In its final ruling, the court dismissed China’s doctrine of “historic rights”, undergirding its sweeping nine-dashed-line claims, as ultimately “incompatible” with modern international law, since “there was no evidence that China had historically exercised exclusive control over the waters or their resources”.
Thus, the tribunal nullified any Chinese claim to the high seas and bulk of the waters of the South China Sea. It also ruled that the Asian power “violated the Philippines’ sovereign rights” by depriving its Southeast Asian neighbour of the unimpeded opportunity to exploit fisheries and hydrocarbon resources within its 200-nautical-mile Exclusive Economic Zone.
It also criticised China’s massive reclamation activities – 17 times larger than all other claimant states’ combined in the past 40 years – arguing that they are “incompatible with the obligations” of member states, because they “inflicted irreparable harm to the maritime environment” and “destroyed evidence of natural condition of features” in the disputed area.
Finally, it also ruled that the bulk of Chinese-occupied land features in the area are low-tide-elevations, which can’t generate any territorial claim. Others are, at most, only rocks, that can only generate 12 nautical miles’ territorial sea.
The verdict is binding, but enforcement is a huge concern. The Philippines has the option of releasing a strong statement calling for China, an aspiring regional leader, to comply or be branded as an outlaw.
The Philippines has the option of releasing a strong statement calling for China, an aspiring regional leader, to comply or be branded as an outlaw.
The Southeast Asian country can also call upon external powers such as America, Japan, and Australia to “enforce” the verdict by conducting multilateral Freedom of Navigation Operations in the disputed waters and close to Chinese-occupied land features.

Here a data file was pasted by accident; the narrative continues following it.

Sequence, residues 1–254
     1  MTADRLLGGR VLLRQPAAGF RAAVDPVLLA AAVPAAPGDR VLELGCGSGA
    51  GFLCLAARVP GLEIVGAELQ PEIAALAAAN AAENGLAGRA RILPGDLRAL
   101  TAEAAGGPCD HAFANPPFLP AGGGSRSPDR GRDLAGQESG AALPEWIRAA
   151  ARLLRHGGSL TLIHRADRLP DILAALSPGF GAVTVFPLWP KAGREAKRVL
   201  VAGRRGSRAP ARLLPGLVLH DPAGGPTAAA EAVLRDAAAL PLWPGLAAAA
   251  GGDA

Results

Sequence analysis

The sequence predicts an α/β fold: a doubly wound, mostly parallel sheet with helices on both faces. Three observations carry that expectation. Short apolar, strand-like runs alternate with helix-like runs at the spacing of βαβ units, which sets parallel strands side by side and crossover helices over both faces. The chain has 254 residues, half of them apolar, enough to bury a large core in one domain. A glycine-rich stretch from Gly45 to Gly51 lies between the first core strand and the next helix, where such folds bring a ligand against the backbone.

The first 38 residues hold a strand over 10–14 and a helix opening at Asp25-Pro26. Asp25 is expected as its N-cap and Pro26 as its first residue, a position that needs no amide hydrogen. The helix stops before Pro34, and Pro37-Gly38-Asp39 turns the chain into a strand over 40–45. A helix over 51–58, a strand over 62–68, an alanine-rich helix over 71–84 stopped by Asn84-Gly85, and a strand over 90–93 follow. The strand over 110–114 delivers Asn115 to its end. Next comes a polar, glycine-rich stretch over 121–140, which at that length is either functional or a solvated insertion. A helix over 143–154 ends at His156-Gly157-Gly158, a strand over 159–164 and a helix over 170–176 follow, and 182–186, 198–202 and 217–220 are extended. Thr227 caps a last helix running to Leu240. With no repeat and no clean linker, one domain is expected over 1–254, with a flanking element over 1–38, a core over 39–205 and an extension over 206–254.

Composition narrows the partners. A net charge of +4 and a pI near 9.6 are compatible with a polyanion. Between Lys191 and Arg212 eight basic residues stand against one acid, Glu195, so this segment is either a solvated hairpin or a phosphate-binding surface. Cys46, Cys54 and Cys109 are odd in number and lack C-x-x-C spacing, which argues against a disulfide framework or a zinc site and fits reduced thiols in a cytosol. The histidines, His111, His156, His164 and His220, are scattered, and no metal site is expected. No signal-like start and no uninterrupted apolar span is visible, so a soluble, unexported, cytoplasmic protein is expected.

The Philippines’ legal victory also provides an encouraging precedent for other claimant states such as Vietnam to file a similar arbitration case against China.
Most likely, Manila will not release a strongly worded criticism of its giant neighbour based on the verdict as a gesture of goodwill.
For the Duterte administration, it is important to manage a “soft landing” by restarting high-level negotiations with China in order to peacefully manage maritime disputes in the South China Sea.
The new government’s priority is to avoid escalation, re-open communication channels with Beijing, explore joint-development agreements in disputed areas, and bring back Chinese investments into the Philippines. Ultimately, it may use the favourable verdict to bargain for a good deal in disputed waters. But this will a huge gamble.
Richard Javad Heydarian is a specialist in Asian geopolitical/economic affairs and author of Asia’s New Battlefield: US, China, and the Struggle for Western Pacific.
The views expressed in this article are the author’s own and do not necessarily reflect Al Jazeera’s editorial policy.